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Journal Articles Episteme Year : 2019

Improving Deliberations by Reducing Misrepresentation Effects

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Deliberative and decisional groups play crucial roles in most aspects of social life. But it is not obvious how to organize these groups and various socio-cognitive mechanisms can spoil debates and decisions. In this paper we focus on one such important mechanism: the misrepresentation of views, i.e. when agents express views that are aligned with those already expressed, and which differ from their private opinions. We introduce a model to analyze the extent to which this behavioral pattern can warp deliberations and distort the decisions that are finally taken. We identify types of situations in which misrepresentation can have major effects and investigate how to reduce these effects by adopting appropriate deliberative procedures. We discuss the beneficial effects of holding a sufficient number of rounds of expression of views; choosing an appropriate order of speech, typically a random one; rendering the deliberation dissenter-friendly; having agents express fined-grained views. These applicable procedures help improve deliberations because they dampen conformist behavior, give epistemic minorities more opportunities to be heard, and reduce the number of cases in which an inadequate consensus or majority develops.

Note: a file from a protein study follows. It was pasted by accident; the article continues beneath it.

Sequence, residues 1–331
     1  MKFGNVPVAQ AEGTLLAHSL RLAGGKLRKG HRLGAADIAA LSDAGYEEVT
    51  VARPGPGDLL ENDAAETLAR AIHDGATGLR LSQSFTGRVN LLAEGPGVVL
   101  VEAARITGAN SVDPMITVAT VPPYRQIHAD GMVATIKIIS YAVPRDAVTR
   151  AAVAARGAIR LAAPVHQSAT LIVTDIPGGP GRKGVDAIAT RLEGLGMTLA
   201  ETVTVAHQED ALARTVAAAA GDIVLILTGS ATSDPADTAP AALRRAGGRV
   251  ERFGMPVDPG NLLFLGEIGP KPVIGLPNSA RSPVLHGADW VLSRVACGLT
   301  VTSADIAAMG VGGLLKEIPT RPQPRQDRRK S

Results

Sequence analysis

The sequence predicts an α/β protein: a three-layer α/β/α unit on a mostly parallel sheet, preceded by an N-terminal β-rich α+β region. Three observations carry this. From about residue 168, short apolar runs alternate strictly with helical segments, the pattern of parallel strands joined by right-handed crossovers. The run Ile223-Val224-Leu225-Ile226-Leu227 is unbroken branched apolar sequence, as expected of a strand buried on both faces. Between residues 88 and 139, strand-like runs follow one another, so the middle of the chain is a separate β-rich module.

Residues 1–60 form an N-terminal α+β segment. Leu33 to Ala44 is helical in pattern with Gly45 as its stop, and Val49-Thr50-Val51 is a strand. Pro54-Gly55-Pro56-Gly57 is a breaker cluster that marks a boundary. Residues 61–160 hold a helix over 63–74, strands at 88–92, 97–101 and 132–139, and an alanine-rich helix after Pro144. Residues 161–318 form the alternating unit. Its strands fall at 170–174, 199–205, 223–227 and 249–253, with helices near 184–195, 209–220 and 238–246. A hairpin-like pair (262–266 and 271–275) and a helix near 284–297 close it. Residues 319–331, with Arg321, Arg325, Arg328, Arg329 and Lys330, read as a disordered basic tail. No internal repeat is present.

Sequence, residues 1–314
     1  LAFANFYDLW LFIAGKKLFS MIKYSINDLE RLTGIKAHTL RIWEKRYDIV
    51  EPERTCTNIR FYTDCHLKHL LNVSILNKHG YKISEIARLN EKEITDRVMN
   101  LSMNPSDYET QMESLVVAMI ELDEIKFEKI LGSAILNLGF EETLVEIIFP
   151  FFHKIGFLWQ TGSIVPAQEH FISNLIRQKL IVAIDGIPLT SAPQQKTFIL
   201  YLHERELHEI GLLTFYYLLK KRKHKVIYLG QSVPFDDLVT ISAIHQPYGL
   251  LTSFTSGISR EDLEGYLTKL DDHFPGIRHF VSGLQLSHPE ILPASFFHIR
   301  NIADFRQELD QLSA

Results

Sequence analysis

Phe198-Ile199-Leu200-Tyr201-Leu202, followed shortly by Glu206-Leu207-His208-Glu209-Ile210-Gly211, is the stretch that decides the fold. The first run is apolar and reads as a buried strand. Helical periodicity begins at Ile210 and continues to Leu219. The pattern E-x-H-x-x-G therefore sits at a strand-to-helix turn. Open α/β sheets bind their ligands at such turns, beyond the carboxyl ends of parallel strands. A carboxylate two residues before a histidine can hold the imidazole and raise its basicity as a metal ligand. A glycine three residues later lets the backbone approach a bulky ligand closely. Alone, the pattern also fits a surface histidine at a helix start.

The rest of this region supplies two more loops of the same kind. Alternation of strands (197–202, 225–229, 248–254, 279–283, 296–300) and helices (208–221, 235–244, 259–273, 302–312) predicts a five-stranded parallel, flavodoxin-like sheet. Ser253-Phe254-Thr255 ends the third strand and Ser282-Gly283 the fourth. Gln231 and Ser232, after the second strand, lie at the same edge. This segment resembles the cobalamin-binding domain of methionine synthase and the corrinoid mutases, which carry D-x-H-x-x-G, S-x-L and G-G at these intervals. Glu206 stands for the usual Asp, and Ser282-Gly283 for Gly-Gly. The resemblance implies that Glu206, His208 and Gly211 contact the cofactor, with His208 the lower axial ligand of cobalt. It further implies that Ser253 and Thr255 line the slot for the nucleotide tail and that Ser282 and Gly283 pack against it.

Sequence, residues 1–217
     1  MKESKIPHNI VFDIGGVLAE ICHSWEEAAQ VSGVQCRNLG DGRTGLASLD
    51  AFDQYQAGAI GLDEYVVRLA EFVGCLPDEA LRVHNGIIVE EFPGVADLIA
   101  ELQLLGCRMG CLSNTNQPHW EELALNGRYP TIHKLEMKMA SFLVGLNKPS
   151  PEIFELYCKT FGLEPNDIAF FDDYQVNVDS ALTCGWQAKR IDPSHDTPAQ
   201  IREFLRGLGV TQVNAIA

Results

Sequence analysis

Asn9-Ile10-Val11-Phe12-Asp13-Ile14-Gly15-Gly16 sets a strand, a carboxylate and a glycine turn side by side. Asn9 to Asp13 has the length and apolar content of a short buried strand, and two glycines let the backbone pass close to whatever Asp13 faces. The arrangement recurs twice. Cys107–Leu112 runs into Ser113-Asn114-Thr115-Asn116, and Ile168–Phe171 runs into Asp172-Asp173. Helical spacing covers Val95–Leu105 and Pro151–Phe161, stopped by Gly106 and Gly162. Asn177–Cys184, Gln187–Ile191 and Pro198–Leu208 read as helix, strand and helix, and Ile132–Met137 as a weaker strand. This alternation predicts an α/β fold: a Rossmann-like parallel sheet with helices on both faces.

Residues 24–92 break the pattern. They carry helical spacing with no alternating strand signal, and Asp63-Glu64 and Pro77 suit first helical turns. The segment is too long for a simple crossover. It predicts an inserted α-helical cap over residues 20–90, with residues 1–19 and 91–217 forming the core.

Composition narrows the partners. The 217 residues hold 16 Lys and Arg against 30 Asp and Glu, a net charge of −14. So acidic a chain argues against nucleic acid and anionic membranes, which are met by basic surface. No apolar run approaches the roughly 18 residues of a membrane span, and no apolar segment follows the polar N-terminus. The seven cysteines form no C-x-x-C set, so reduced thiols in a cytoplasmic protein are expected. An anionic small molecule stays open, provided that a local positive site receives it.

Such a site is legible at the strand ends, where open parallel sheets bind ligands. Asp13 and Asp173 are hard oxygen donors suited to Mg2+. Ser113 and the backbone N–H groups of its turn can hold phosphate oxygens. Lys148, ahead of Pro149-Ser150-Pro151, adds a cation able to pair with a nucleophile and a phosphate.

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hal-02011781 , version 1 (08-02-2019)



Cyrille Imbert, Thomas Boyer-Kassem, Vincent Chevrier, Christine Bourjot. Improving Deliberations by Reducing Misrepresentation Effects. Episteme, In press, pp.1-17. ⟨10.1017/epi.2018.41⟩. ⟨hal-02011781⟩
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